Mohammad Hassan Khalid became the youngest person ever to be convicted of terrorism charges in the United States. Khalid, who was a 17-year-old teen at the time of his arrest, was sentenced to five years in prison for supporting an international terrorist cell that included Colleen LaRose (Jihad Jane) in their ranks.
It was a terrorism case that captured the attention of the American people. Khalid and one of his co-defendants LaRose, a Montgomery County-based housewife, known worldwide by her online name, “Jihad Jane” were accused of plotting to murder Swedish cartoonist Lars Vilks. Vilks had produced a cartoon that showed the Prophet Muhammad as a dog. The plot was unearthed before being carried to fruition. LaRose confessed and was sentenced to 10 years in prison in January for her role in the murder plot.
Khalid, 20, was convicted of providing material support to LaRose. According to his defense attorney Jeffrey Lindy, Khalid received a box that contained false identity documents from LaRose and mailed “parts of the box” to alleged co-conspirator Ali Damache, who is from Algeria but currently lives in Ireland. Damache, the supposed ringleader of the terrorist cell, has also been indicted by American federal authorities and is in Irish custody, where is he fighting extradition efforts to the United States.
Khalid, who is the son of Pakistani immigrants, came to the United States at the age of 12. A former high school honors student, Khalid had aced his SATs and had received a full scholarship of $54,000 per year to attend Johns Hopkins University to study creative writing and computer science. He was arrested before he could finish high school and start classes at the prestigious university.
Requesting leniency, his attorney Lindy presented evidence that Khalid had untreated Asperger’s Syndrome, which makes him awkward, socially immature and easy to manipulation. Lindy portrayed the young man as being a loner, who felt isolated at school and within his family. Instead he turned to jihadist chat rooms on the Internet and started communicating with strangers, including LaRose.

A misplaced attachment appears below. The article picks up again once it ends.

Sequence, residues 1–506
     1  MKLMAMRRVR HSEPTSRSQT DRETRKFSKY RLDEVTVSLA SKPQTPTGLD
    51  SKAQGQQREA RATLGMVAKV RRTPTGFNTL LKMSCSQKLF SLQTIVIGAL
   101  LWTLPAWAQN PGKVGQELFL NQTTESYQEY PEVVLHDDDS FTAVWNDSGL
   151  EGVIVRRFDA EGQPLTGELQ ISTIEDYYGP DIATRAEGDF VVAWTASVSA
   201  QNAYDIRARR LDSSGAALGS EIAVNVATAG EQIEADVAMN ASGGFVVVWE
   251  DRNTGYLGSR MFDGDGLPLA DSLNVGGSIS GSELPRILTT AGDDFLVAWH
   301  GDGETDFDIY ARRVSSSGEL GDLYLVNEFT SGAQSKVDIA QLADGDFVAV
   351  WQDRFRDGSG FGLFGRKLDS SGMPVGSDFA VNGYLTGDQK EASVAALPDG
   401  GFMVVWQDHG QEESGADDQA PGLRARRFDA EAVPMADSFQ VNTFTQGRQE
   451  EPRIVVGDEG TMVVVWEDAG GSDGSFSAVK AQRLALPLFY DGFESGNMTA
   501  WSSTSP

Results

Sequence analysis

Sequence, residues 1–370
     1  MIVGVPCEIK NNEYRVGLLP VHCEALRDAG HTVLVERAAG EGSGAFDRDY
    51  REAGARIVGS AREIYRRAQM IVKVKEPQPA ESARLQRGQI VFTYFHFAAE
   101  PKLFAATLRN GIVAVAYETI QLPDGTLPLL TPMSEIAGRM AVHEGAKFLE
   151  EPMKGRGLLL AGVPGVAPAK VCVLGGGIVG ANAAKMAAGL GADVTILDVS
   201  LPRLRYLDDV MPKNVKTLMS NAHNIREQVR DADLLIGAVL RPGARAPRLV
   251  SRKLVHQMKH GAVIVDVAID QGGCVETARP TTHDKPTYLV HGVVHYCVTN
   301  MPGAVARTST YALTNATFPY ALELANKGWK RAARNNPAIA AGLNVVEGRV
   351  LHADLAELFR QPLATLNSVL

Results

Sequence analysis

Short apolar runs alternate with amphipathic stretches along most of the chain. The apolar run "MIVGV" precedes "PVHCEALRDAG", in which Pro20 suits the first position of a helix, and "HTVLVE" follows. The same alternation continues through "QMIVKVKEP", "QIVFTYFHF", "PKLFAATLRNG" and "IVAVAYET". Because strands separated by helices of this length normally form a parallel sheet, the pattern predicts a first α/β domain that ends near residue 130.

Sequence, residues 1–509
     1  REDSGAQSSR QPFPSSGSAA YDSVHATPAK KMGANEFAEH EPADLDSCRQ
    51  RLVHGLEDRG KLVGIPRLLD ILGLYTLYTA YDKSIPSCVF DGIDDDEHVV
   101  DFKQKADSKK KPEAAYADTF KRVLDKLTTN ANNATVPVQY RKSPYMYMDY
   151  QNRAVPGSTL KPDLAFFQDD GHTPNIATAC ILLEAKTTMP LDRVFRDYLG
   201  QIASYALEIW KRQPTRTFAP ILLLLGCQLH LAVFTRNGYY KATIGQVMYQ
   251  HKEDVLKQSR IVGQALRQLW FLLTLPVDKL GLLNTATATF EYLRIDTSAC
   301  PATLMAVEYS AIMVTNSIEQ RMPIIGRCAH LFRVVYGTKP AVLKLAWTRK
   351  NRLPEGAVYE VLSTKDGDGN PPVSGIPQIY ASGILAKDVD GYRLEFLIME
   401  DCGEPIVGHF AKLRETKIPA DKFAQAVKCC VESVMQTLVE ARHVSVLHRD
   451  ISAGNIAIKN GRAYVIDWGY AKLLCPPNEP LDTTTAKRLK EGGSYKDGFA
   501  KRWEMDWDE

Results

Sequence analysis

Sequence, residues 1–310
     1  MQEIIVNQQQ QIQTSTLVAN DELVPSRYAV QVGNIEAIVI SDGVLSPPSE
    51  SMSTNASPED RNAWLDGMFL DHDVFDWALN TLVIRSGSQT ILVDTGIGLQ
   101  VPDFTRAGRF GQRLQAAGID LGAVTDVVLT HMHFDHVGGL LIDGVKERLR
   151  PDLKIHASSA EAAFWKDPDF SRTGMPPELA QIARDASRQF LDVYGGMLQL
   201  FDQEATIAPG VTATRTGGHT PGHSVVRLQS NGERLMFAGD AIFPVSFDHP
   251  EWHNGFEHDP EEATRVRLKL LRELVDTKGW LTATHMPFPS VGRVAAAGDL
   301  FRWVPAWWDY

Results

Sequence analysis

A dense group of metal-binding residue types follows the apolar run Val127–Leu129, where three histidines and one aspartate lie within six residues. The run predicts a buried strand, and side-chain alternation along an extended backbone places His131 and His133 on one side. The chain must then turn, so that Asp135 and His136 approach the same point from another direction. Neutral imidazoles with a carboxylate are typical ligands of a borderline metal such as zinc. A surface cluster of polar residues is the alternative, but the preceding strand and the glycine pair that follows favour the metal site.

Assistant U.S. Attorney Jennifer Arbittier Williams told the judge that the defense was grossly oversimplifying the charges and there was more to it than just mailing a box. Instead she accused the then-teen of supporting LaRose (Jihad Jane) by posting materials, which he translated from Urdu to English, “with eloquence and brilliance” to help recruit young people into the world of violent jihad.
Williams underlined Khalid’s involvement with the terrorist world by pointing out that Khalid’s coöperation with FBI agents after his arrest had led them to previously undiscovered online jihadist networks and made “a big difference” in at least three other American terrorism cases.
As he stood in front of Judge Petrese Tucker of the U.S. District Court in Philadelphia, the young man sobbed and begged for mercy. Looking gaunt in a loose green prison uniform, Khalid also thanked his family for their support as he stood trial for his transgressions, including discussions of “martyrdom operations” with LaRose (Jihad Jane) as a teen.
Handing out a sentence of five years, Judge Tucker took into account his youth and coöperation with the government, and gave him credit for the three years he had been behind bars while awaiting trial. With good behavior, Khalid, the teen supporter of LaRose (Jihad Jane) is likely to serve another 15 months of his sentence. Since he is not a citizen of the country, Khalid is likely to be deported to Pakistan after release.
By Monalisa Gangopadhyay.